I was having dinner with my husband, another couple, and our five combined young boys at a casual outdoor restaurant in Charlottesville, Va., one evening last month. The kids were restless from being cooped up in the minivan on the long drive from D.C., and excited to see their friends. It was late – around 8:30 – and only one other family was dining nearby, so manners were, shall we say, sliding a bit. One of my boys got ketchup on his hand and dramatically said, “I’m bleeding!” There was, I believe, some discussion about burps. Our kids gobbled a few bites, then raced around the closed-off street surrounding the restaurant.
I kept glancing at the other family – a husband, wife, and college-aged daughter – to make sure they weren’t annoyed, but instead, they were laughing at our boys. I sighed in relief, because it meant I could eat dinner, rather than rein in my boys with the threat of no ice cream unless they sat quietly at the table for another half-hour.
Later that night, we bumped into the nice family on our hotel elevator. “Are you here for the book festival?” I asked. We reached our floor and our boys took off – presumably to go wait outside our room.
The man nodded: “Are you authors?” he asked.
“Yes, but you wouldn’t have heard of me,” I said. “I’m a debut author, and my name’s Sarah Pekkanen.”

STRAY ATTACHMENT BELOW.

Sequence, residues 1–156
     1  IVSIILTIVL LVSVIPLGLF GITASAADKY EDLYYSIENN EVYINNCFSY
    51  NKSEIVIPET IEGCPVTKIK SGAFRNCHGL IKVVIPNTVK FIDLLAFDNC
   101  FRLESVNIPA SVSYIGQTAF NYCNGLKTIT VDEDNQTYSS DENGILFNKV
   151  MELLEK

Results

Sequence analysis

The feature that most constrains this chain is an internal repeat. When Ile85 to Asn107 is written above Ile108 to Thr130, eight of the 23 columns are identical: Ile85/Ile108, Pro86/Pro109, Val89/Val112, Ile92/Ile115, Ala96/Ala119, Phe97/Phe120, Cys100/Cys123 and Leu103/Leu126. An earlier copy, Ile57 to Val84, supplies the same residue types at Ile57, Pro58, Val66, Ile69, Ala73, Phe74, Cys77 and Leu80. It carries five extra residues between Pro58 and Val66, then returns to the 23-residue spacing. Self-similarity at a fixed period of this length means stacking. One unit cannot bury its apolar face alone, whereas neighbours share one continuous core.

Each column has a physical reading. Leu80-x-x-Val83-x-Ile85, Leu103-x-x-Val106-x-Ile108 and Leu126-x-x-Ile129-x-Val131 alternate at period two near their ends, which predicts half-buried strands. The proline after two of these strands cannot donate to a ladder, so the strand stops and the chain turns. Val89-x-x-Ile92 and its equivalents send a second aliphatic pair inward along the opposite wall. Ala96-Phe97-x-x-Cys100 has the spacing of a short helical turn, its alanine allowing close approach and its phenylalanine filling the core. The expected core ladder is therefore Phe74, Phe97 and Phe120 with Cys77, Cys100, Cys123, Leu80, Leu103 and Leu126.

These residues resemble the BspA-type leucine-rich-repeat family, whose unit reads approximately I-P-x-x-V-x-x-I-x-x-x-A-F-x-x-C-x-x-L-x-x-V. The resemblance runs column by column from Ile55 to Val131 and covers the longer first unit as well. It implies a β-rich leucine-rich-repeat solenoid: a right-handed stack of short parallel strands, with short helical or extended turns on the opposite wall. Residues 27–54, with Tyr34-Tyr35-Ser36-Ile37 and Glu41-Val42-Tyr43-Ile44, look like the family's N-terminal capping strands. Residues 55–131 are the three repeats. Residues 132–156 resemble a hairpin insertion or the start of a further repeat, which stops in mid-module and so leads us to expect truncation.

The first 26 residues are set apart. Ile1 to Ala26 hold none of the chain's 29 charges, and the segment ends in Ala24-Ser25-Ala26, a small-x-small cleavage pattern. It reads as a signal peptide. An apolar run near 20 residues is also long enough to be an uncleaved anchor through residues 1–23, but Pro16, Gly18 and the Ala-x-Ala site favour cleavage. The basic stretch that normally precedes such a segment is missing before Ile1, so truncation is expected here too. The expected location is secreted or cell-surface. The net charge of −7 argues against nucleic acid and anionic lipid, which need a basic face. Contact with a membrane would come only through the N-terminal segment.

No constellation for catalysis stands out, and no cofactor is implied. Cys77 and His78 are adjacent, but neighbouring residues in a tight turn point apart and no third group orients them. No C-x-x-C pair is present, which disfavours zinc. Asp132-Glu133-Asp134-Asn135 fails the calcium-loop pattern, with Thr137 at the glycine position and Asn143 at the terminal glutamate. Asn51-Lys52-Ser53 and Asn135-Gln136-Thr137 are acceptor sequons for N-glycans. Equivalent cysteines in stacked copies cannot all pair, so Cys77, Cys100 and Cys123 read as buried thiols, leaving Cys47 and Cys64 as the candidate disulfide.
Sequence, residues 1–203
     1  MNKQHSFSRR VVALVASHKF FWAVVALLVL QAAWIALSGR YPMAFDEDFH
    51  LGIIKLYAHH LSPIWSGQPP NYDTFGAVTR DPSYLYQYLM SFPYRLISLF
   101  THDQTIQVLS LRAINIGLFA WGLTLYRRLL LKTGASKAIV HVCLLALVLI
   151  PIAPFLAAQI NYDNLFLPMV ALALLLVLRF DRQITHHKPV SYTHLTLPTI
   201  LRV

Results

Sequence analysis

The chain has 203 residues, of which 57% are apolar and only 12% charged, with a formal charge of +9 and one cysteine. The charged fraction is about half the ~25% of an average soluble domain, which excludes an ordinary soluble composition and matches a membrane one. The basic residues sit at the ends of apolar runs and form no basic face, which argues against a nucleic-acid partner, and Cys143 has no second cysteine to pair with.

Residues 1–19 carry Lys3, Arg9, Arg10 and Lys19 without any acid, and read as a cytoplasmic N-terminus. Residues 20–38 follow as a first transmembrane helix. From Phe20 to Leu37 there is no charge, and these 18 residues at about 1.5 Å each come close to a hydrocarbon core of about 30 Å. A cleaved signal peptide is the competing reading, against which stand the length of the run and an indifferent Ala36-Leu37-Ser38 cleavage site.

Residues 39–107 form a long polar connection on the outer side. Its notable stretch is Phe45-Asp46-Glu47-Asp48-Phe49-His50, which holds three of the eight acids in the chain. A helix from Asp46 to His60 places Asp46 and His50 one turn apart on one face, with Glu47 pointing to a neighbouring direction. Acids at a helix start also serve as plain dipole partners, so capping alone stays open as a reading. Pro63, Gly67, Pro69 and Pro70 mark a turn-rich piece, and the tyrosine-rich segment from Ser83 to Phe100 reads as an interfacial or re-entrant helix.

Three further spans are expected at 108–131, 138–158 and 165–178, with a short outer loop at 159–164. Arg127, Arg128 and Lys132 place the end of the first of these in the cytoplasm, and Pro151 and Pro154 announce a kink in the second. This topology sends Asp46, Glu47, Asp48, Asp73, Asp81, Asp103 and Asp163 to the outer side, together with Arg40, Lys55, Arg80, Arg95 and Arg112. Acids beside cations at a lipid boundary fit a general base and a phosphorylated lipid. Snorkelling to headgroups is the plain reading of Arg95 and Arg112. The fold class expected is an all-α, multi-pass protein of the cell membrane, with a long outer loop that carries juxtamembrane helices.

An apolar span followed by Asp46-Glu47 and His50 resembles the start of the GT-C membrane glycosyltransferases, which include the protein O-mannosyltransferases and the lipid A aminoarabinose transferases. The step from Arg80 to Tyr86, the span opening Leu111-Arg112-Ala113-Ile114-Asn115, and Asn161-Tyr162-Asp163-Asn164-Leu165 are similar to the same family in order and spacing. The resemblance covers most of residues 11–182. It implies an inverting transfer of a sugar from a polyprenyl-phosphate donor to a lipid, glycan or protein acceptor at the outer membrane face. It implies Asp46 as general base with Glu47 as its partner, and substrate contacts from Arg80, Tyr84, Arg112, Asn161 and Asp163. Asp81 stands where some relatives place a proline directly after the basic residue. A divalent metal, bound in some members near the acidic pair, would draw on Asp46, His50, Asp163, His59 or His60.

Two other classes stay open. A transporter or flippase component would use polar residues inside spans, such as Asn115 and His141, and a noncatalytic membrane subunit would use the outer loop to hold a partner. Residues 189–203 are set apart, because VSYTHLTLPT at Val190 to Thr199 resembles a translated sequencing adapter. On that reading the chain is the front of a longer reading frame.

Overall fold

He blinked. “I assigned your book for a review.”
Turns out it was Ron Charles – book editor for The Washington Post. But before I could respond, my oldest son came tearing around the corner – shirtless – with my middle boy in hot pursuit.
It wasn’t my most professional of moments, but here’s the good new: Ron Charles is a really nice guy.
Still, even if we’d annoyed him, it wouldn’t have made a bit of difference in my review (which he only assigned; he didn’t write it). I was lucky that the Post reviewer liked my book – but if she hadn’t, here’s what I would’ve told myself: A review is one person’s opinion on one day.
That person might’ve just broken up with her boyfriend. Or stepped in a mud puddle in brand-new shoes. Stubbed her toe, or argued with her boss. Or he might’ve won a scratch-off lottery ticket, sold his novel, or gotten the cute girl from the coffeeshop. Or even all three.
The fact of the matter is, none of us can control who reviews our books – or what mood that person is in when he or she cracks the spine and reads the first line. And so before I started getting reviews, I gave myself a little talk (though not in public. People run away from me when I do that).
I told myself I’d get a horrible review and everyone I knew would see it. It would happen to run on the day of my high school reunion, and people would call to make sure I’d seen it, then surround me at my reunion while making sympathetic clucking noises with their tongues. Helpful folks would post in on my Facebook page, with frowning-faced emoticons. The review would very likely go viral.
And you know what? I’d survive it (just like I survived that spiral perm gone very wrong in 10th grade).
Because most people forget the wording of reviews – they remember seeing the book cover and the general description. So even bad press isn’t really bad press.